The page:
Media credit: Grace Hromin | Main photo editor
Andrea Hasler, deputy director of the center, said research data shows that only a third of adults are financially literate.
The School of Business’s Global Center of Excellence in Financial Literacy hosted a virtual panel on Monday on international inequalities between financial knowledge and skills, as the center celebrates its 10th anniversary.
Financial literacy experts presented GFLEC’s findings from a study that assessed how demographic groups faced different levels of financial illiteracy during the event, moderated by Fiona Zhu, Associate Director of Development at the School of Business. The experts also reviewed their mission to improve global financial literacy through the center, which was founded in 2011 and aims to increase financial literacy through research, education, program development, and assistance in drafting U.S. and international policy.
Andrea Hasler, deputy director of GFLEC and assistant research professor in financial literacy, said only a third of adults have financial literacy in 148 countries, according to research data from the center. She said that in this population, women and minorities represent the smallest proportions of literate individuals.
She said her research also covered lower income levels and people without a graduate degree, who are also much less likely to have financial literacy. She said the US financial system is largely based on financial independence, which makes it especially essential for citizens to plan for their own financial security.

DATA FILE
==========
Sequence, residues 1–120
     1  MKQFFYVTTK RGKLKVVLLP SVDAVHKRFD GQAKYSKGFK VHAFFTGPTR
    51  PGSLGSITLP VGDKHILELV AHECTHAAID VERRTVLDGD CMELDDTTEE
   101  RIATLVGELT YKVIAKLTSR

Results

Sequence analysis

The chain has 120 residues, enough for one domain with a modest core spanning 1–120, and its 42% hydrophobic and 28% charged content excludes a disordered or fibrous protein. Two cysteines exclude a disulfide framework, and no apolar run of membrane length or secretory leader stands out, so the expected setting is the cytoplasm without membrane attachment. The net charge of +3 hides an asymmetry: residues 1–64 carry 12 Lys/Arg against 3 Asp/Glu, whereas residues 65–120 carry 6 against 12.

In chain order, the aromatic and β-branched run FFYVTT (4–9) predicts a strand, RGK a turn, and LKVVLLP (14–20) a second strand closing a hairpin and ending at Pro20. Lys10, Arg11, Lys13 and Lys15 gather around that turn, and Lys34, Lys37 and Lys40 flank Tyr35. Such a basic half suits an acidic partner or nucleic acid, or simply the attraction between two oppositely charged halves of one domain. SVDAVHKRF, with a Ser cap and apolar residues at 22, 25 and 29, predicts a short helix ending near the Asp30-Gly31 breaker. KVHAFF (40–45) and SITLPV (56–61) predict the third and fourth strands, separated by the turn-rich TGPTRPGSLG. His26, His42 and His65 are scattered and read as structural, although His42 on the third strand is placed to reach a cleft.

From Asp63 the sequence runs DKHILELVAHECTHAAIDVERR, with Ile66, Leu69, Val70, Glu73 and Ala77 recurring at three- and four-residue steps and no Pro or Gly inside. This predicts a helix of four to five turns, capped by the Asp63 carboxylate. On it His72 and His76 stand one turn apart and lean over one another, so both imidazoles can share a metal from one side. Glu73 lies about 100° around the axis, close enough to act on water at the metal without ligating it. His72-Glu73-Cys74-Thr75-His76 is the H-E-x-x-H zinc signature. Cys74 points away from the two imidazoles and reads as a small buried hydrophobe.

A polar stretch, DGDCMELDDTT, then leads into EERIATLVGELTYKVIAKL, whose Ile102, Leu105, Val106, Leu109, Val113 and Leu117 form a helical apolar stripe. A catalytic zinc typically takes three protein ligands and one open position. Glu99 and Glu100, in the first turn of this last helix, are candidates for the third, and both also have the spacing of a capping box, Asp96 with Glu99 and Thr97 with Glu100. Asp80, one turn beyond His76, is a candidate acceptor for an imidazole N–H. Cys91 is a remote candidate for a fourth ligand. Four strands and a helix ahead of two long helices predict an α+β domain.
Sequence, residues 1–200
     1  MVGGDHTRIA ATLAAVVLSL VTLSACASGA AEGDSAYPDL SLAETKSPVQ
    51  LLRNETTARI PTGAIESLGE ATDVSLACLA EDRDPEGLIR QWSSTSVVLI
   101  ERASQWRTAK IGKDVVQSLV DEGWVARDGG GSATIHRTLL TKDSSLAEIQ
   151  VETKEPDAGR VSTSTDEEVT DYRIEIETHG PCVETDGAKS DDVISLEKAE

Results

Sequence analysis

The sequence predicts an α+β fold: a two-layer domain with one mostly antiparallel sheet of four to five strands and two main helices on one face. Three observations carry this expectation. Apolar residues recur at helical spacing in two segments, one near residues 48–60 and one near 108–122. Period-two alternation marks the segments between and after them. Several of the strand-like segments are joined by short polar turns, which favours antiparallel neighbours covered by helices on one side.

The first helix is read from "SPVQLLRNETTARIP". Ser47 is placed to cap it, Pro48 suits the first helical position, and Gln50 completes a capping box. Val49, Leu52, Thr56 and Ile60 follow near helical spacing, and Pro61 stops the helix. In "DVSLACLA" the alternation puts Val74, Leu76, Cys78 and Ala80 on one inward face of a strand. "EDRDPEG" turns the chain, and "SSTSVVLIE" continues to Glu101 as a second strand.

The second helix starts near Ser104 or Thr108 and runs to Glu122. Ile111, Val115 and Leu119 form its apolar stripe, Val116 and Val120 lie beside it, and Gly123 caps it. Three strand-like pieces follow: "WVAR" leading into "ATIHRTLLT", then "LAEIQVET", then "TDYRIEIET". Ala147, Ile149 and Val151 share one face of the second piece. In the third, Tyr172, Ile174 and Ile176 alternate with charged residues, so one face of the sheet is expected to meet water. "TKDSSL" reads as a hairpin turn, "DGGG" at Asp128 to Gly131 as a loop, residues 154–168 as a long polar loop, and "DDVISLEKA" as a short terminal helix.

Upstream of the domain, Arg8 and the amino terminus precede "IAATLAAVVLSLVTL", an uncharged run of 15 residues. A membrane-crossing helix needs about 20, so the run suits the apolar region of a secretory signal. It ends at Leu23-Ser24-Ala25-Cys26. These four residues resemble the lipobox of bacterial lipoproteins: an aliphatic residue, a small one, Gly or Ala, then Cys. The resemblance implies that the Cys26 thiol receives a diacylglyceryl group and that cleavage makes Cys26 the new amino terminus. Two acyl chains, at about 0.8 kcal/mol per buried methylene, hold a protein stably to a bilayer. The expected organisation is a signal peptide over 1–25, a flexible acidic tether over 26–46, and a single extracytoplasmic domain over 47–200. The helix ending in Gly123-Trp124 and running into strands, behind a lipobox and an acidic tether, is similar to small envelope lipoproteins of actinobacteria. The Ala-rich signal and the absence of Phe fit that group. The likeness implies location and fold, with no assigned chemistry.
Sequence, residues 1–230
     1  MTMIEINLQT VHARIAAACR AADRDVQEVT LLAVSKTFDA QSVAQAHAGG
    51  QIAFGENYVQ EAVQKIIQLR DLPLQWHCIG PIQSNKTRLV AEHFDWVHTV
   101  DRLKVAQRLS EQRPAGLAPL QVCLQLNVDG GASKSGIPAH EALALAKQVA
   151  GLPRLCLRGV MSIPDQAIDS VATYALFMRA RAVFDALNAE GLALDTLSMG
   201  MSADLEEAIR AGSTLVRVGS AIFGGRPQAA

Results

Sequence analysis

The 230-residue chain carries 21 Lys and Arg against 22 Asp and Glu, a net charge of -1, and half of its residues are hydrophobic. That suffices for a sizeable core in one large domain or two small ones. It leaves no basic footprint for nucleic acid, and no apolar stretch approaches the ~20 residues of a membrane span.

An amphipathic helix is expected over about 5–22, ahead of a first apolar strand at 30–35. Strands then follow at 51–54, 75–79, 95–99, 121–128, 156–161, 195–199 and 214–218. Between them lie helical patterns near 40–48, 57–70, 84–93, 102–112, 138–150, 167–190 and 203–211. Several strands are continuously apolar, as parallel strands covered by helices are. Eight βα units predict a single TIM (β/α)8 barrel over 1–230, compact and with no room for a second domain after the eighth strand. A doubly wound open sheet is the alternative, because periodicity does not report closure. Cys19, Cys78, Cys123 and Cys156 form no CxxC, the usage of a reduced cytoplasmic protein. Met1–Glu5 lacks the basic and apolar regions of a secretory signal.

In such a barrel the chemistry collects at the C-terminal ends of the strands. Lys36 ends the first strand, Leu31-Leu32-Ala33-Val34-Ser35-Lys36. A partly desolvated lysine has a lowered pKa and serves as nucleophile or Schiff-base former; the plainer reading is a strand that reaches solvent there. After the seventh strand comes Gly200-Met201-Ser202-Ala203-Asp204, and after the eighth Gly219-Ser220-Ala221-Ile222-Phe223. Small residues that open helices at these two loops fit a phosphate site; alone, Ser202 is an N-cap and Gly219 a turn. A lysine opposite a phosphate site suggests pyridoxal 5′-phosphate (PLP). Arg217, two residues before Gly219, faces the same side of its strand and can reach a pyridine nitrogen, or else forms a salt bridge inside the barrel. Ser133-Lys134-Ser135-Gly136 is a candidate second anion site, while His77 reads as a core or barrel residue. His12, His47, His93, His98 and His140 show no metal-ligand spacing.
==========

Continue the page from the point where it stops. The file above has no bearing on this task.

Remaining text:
“It’s so important to make the right decisions so that you can live the life you want and have the freedom of choice,” Hasler said.
Mari Adam, a certified financial planner and GW alumnus, said she supports the inclusion of more financial education services that will last from college to college and target families at home. She said many young adults graduate without basic financial knowledge, like how to get a medical plan at their workplace or how to allocate their 401k, an employer-sponsored retirement account.
She said families need to start having “dining room” discussions about financial independence, expressing empathy and asking questions to develop solutions for the literacy gap.
“We are taught not to talk about sex, religion, not politics at the table, but the money shouldn’t be there,” Adam said. “There is nothing wrong with talking about money.”
Kristen Burnell, Executive Director of GFLEC, said financial literacy research should reach “underserved” and vulnerable groups, and diversity should expand among education and career counseling services. financial literacy.
The center published a webpage last fall that offered suggestions and resources to help people manage their finances during the COVID-19 pandemic.
Burnell said GFLEC often leads the way in this area of research and has raised awareness of adding financial illiteracy to the agenda of policymakers, educators and private sector leaders in the world. over the past 10 years. She said GFLEC has encouraged other researchers to study financial literacy.
Elders can to contribute philanthropy, become GFLEC Ambassadors, or help share the organization’s work with others in the community to gain better financial literacy support.
“It’s a project of happiness, it’s about giving people choices – that if they have the financial knowledge to build their wealth and be more secure and resilient financially, they are in a better position to pursue their dreams.” said Burnell.